The PKK-linked People's Protection Units (YPG)-dominated Syrian Democratic Forces (SDF) has launched a new political party, removing visible signs of the PKK, based on the recommendation of the U.S.-backed coalition, reports said Tuesday.
The "Future Syria Party" was reportedly established and announced in a conference held in Raqqa, with no symbols or pictures of the PKK terrorist group or its imprisoned leader Abdullah Öcalan.
Reports noted that the coalition advised the SDF, which is dominated by the PKK-linked YPG to rebrand itself, leave its visible links to the terrorist group and replace federalism with decentralization to increase its appeal.
In October 2015, the Democratic Union Party (PYD), the YPG's political branch, brought in small groups of Arab fighters to form the SDF, promising to share weapons and logistics offered by the United States.
Turkey insisted that the group was the same thing with the PKK and the YPG, using a different name only to mislead people. Now, with the foundation of a new political party, the same misleading policy is in action again, to cover the terrorist activities of the PKK and its Syrian wings.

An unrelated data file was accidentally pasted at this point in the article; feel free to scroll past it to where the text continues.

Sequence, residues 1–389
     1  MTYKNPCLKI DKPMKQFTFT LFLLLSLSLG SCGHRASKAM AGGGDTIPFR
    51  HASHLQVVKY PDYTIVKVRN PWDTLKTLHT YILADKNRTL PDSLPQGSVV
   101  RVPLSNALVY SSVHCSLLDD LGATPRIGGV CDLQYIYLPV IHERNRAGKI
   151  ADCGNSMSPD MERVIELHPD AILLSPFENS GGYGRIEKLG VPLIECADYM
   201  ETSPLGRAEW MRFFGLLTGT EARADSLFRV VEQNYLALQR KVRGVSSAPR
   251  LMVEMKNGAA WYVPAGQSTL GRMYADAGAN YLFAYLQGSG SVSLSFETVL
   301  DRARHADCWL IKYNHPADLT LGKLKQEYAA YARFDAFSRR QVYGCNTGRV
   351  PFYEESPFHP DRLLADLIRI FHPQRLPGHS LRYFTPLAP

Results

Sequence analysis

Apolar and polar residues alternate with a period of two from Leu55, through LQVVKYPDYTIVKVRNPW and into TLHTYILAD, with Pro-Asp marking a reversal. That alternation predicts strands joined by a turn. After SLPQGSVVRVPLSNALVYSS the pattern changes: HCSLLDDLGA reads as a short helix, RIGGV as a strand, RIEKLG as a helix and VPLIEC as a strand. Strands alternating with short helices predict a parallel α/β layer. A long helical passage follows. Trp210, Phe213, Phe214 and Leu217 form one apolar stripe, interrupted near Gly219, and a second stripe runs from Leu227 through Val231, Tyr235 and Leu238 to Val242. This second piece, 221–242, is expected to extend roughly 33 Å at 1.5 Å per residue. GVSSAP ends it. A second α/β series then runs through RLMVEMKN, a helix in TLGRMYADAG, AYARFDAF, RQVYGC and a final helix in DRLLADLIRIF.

In December, Talal Silo, who is the former brigadier general in the SDF, told Anadolu Agency (AA) that the SDF was actually founded as a cover for U.S. arms aid to the YPG, adding that the United States did not monitor the provided weapons. Silo confirmed that the name change was initiated by U.S. General Raymond Thomas, underlining that the group was actually under the full control of the YPG.
"SDF's foundation was only theater. The U.S. gave the leadership to the Kurds and the PKK," Silo said.
Turkey has long protested U.S. support for the PKK/YPG terror group, while Washington has brushed off these criticisms, saying it needs the terror group's help to fight against Daesh in Syria.
The PKK/YPG is the Syrian offshoot of the PKK, which is listed as a terrorist organization by Turkey, the U.S. and EU.
The PKK has waged a terror campaign against Turkey for more than 30 years, leading to the deaths of more than 40,000 security forces and civilians -- including more than 1,200 since July 2015.
The People's Democratic Party (HDP) in Turkey, which also initially tried to distance itself from the PKK, came under fire as many of its lawmakers, including chairpersons, defended the terrorists and attended their funeral ceremonies. HDP-linked municipalities had also provided support to the terrorists.
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